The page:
To become “environmentally-friendly” or obtain “eco-labels”, products and services can use a variety of voluntary methods to stand out within their product category or sector. In the European Union (EU) alone, there are over 230 eco-labels which, among other things, address issues such as deforestation, biodiversity, toxicity, circularity, resource efficiency and carbon emissions.
But for companies trying to market their products as environmentally friendly, striking the right balance between market opportunities and market challenges can be difficult. The wide variety of “ecolabels” – each with its own methodological requirements, may result in additional costs or delays for the companies, and in confusion for the consumers.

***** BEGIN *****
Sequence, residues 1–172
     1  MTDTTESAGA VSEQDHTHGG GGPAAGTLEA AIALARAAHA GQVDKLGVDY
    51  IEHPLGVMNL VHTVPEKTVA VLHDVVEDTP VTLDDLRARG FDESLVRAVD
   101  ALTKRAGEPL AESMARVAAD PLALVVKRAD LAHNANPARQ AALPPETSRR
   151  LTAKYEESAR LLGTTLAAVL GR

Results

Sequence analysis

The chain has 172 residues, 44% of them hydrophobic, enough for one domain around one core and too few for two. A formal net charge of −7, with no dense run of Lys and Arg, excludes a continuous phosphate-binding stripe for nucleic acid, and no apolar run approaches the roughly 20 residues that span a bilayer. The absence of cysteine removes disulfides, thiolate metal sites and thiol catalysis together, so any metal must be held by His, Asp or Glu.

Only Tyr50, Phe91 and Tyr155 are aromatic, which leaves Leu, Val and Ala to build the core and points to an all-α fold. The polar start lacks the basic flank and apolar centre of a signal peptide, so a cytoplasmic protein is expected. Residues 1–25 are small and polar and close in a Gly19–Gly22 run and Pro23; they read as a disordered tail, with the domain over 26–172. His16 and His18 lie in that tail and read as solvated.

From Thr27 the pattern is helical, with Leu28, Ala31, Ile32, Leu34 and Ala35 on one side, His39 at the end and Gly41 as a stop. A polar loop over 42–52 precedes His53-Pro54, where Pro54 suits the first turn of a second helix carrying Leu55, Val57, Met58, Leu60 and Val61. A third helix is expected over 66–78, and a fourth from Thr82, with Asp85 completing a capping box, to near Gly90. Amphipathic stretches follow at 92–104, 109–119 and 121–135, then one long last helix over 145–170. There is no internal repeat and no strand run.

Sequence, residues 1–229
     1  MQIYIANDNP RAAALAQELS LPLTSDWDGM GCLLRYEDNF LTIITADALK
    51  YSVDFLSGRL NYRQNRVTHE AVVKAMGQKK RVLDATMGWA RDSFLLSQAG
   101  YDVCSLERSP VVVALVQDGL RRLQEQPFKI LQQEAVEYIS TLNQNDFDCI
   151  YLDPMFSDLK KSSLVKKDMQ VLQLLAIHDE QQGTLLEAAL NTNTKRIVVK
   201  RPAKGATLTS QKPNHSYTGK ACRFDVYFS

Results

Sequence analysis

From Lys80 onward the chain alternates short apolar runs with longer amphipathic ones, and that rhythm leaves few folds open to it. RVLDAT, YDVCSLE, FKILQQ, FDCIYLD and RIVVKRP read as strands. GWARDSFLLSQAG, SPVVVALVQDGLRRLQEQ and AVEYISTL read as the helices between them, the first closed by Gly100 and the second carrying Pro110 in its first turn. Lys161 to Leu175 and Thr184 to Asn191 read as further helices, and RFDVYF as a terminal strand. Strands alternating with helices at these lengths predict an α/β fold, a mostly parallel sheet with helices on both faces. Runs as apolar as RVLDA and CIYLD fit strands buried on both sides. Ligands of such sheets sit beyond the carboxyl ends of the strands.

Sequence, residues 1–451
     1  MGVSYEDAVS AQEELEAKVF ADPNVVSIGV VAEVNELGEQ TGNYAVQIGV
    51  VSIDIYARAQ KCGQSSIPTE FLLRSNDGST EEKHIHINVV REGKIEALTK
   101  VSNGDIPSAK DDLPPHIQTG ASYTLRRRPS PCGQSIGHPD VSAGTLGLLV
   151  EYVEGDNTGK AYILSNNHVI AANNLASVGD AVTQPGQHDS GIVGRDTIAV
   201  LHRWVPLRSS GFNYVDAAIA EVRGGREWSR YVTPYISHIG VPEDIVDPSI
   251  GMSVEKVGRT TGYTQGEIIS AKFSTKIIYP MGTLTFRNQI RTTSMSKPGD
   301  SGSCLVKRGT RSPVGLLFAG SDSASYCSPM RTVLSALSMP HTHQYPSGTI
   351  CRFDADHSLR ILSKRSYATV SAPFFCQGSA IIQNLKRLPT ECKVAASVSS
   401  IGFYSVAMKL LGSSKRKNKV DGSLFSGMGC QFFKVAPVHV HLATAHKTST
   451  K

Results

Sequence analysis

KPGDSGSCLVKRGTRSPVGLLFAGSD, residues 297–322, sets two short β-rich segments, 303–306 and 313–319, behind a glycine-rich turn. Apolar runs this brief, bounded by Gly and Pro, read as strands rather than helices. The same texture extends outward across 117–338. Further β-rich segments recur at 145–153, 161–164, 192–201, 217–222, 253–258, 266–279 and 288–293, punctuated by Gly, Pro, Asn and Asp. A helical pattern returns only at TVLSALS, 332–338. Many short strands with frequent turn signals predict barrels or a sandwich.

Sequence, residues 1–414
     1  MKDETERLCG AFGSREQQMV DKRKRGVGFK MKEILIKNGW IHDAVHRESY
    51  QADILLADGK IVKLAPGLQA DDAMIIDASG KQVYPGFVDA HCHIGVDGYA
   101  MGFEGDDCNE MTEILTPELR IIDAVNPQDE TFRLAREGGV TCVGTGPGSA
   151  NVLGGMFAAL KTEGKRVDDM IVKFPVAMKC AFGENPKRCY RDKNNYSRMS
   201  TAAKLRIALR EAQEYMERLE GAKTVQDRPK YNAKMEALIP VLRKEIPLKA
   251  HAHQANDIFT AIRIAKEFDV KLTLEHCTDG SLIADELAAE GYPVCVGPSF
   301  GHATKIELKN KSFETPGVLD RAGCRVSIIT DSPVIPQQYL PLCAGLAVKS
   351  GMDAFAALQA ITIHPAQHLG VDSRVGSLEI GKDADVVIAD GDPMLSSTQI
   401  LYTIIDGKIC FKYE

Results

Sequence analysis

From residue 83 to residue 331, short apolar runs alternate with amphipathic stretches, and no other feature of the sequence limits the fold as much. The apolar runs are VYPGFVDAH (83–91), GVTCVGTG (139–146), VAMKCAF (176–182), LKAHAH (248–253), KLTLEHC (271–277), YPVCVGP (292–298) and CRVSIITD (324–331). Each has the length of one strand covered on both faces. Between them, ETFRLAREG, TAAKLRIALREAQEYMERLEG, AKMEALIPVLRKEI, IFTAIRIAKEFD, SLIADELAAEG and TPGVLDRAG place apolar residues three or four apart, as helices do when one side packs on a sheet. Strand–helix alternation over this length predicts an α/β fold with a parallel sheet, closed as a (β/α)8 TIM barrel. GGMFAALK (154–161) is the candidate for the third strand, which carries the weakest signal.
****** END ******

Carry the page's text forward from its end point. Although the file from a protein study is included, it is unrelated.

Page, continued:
To address these issues, enhance comparability within a product category, and give clear indicators to producers and consumers alike, the European Commission introduced under the 2013 Single Market for Green Products (SMGP) initiative, the Product Environmental Footprint (PEF).
The PEF method helps companies measure their environmental performance and position themselves with confidence on the market of sustainable products. Other related EU initiatives include the “Green Deal” and the 2020 “Circular Economy Action Plan“, which, together with the PEF, establish a strong and coherent product policy framework that will make sustainable products, services and business models the norm rather than the exception.